(When we brought up the issue of consent and physical touch during the performance, and how they will be addressed in future, Dotdotdot told us that these considerations are important and will be communicated to regular participants at the point of purchase.)
Additionally, the actors would only refer to the VR headsets as ‘toppers’ which, due to the hurried and in-character delivery, left a few members of our group uncertain as to what was being talked about – which became an issue later on when we were all being shouted at to put on/take off our toppers.
We were then transported into a large virtual space where we could see the other members of our group transformed into a gaggle of Victorian refugees. Unfortunately, the motion capture technology used in this part of the experience struggled to understand the heights of our group, leading to a lot of squatting, crab-legged avatars waddling around, all of us unsure of where we were meant to be heading.
I’m aware that motion capture technologies don’t always work exactly as they’re expected to, but after having just been hurried around and shouted at by hysterical soldiers, the disorientation and confusion of this VR experience made for an uncomfortable and unrewarding few minutes.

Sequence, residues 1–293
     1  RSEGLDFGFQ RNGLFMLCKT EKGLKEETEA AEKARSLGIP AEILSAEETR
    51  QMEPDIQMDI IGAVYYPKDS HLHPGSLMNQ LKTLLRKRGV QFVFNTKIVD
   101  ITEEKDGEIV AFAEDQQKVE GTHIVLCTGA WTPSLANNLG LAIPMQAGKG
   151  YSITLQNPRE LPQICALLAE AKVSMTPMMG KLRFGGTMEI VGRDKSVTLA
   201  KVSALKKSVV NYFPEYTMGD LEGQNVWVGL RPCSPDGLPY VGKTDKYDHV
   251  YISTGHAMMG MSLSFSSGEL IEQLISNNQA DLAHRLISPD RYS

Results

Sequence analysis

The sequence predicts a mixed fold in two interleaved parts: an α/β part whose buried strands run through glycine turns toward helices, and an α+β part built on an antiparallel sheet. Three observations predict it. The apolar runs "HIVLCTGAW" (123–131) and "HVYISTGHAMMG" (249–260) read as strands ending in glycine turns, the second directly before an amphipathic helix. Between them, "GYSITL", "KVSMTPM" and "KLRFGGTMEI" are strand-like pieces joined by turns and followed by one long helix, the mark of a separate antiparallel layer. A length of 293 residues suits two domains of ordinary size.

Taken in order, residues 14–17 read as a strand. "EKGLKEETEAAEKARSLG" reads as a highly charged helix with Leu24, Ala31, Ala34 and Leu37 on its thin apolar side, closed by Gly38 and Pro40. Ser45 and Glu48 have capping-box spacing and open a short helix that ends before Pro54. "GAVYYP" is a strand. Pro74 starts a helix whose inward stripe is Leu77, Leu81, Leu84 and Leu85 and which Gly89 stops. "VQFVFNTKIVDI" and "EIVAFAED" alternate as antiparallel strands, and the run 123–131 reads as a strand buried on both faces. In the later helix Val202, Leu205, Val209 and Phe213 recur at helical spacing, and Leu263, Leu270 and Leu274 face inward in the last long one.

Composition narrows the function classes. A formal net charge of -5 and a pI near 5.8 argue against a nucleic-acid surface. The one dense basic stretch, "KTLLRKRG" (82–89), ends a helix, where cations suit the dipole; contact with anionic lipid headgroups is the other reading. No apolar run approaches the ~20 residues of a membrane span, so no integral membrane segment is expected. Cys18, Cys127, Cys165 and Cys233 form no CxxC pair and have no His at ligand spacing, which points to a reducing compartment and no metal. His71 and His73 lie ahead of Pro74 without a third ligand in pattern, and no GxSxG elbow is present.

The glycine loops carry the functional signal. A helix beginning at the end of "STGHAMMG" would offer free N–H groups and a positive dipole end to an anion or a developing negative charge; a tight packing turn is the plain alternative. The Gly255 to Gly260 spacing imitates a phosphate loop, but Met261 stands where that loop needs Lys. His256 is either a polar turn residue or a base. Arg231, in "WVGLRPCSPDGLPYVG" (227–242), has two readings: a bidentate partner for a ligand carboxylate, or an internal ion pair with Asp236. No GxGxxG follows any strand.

The other instances of VR integration worked marginally better, but even then we found that several headsets simply didn’t work or others in the group had to take them off because they felt nauseous or simply uncomfortable with what was happening. This was where it became apparent that there is no ‘pause button’ for any participant who’s no longer having a good time, and the pressure not to spoil it for anyone else meant having to tolerate varying levels of discomfort as the experience rolls on.
Broadly, the experience is good fun. In its execution, it feels a lot like a good Secret Cinema or Punchdrunk Theatre production. But the key USP of this experience is the technology used throughout to heighten the immersion and it’s these elements that feel as though they still need some working out, as they currently fall short of the benchmark for immersive VR experiences that’s already been set by The Void.
Gizmodo has been informed that the event may be altered in places following the previews, so your experience could very well be different. A spokesperson at Dotdotdot told us: “ We treat our previews as an exciting opportunity for fans and press to get a first look at the experience before it officially opens, therefore we are expecting improvements to be made throughout this time.”
I’m hopeful, then, that their tech issues will be ironed out in due course. But even then, a fresh appraisal of how VR is being integrated into the performance might be necessary.
That’s why reviewing Jeff Wayne’s The War of the Worlds: The Immersive Experience is tricky.
The set design, performances and, of course, Jeff Wayne’s music all make for a fun experience, but the tech that sets it apart feels as though it needs more consideration, from the experiential design all the way through to performance.
Tickets cost from £49.50 and are available from dotdot.london